Fostering Community in a World of ‘Overwhelm’

Most of us are taught to be giving of ourselves and our time to others, and sometimes that message gets distorted into an unhealthy codependency, where we only value ourselves by the feedback we receive from others. It is important to foster a clear and healthy sense of boundaries.

Discussion of boundaries opens up the topic of what is selfish and what is for self and inevitably lands on a discussion of codependency, an unhealthy balance of social behaviors where one’s sense of self is defined by external feed back. Codependency seems to be a term that is thrown around willy-nilly theses days, but it is alive and epidemic among all ages, but most frighteningly influential among our young people.

The need to be “liked,” accepted, and valued is key to social assimilation and survival in peer circles and those more likely to be influenced by their peers are our young people. When the doctored up, photo-shopped versions of people’s lives rampant on social media don’t fit what is the reality of most, if not all of our lives, there is a risk of loosing sense of self – and our youth to the virus of social disorder created by a culture where addiction to being in the “in crowd” dictates next actions whether they are right or not.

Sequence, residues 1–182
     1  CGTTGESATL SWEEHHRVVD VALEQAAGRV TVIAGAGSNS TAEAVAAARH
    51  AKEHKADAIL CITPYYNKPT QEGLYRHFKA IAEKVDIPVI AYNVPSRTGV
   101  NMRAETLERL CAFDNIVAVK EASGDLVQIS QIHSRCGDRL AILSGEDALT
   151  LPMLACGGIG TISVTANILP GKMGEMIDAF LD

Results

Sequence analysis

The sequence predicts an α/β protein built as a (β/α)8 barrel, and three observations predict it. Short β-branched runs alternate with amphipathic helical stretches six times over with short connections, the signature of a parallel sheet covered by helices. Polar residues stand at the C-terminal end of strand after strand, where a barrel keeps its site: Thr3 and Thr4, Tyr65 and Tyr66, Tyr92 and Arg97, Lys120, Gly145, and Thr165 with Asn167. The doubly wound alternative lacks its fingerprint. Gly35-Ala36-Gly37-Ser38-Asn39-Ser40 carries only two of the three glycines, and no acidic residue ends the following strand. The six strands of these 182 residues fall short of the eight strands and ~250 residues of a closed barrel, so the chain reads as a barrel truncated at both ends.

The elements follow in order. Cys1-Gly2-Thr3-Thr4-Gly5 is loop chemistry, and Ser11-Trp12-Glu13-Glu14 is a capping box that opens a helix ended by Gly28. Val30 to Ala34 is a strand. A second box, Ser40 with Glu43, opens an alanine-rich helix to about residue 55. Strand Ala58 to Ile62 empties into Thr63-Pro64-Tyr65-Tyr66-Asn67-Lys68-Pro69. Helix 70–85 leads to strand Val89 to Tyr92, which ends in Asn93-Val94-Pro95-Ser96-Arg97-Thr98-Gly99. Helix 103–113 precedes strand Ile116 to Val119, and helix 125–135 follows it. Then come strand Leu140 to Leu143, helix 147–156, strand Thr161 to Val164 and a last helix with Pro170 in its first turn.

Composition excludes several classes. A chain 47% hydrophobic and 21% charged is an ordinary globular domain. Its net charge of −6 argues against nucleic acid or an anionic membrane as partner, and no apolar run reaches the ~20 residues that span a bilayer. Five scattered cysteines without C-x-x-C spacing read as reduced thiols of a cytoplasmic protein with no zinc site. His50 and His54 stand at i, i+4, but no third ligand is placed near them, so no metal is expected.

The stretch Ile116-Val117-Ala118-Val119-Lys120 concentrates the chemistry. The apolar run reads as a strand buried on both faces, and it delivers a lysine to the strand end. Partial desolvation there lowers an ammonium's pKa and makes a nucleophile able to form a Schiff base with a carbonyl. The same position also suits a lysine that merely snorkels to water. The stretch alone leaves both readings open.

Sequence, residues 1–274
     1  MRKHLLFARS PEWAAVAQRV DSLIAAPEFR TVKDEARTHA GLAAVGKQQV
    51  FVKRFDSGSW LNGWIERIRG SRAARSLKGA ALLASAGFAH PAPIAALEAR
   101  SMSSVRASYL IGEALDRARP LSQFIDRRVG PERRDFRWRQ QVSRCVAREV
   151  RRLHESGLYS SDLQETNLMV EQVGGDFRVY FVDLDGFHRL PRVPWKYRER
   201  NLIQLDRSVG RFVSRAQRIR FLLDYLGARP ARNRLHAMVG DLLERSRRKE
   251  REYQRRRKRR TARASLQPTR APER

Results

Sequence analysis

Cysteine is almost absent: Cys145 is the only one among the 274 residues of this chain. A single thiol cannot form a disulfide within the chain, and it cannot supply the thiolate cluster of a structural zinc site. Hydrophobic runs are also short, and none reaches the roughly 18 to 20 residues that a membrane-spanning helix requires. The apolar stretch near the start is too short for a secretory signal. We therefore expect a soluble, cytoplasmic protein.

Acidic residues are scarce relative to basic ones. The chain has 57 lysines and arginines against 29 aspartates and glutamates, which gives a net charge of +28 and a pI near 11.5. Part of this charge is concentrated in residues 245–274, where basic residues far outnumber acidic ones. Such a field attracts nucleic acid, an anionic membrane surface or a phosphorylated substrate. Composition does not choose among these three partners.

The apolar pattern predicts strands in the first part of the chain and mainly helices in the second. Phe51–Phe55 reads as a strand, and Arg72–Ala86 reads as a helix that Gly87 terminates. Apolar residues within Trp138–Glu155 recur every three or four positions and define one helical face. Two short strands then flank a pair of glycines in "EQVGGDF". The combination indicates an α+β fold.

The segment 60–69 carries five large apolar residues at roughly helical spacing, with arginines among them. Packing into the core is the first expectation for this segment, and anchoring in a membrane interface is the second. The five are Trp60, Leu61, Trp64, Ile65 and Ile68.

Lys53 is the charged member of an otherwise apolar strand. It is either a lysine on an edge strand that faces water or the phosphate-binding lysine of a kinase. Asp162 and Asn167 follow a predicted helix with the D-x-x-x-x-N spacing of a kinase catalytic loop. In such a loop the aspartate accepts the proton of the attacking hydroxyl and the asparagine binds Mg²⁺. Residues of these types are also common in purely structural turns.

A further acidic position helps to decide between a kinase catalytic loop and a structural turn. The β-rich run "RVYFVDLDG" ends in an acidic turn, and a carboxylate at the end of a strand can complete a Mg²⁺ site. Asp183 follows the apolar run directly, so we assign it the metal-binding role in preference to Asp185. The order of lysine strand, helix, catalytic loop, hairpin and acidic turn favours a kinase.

We usually think of addiction as referring to someone dependent on drugs and alcohol, but addiction is more insidious than that. I’m not negating the fact that drug addiction has reached epidemic proportion, however more cunning and causal to the dependency on a substance is the addiction to something we can’t see and that is pandemic: the addiction to being “liked.” To strengthen inner resolve and the ability to tolerate the haters, distractors, and critics, I suggest that we look beyond the obsessive behavior of drugs, alcohol, sex, gambling, sexting, texting, video gaming, etc., and travel into the more neglected and sometimes lost realm, “the Self” and strengthen our ability to understand how much of our power we’ve given over to external influences. I suggest that we become more self-centered in our self-care and the care of those who mean the most to us and rebuild our communities one relationship at a time, starting with our Self.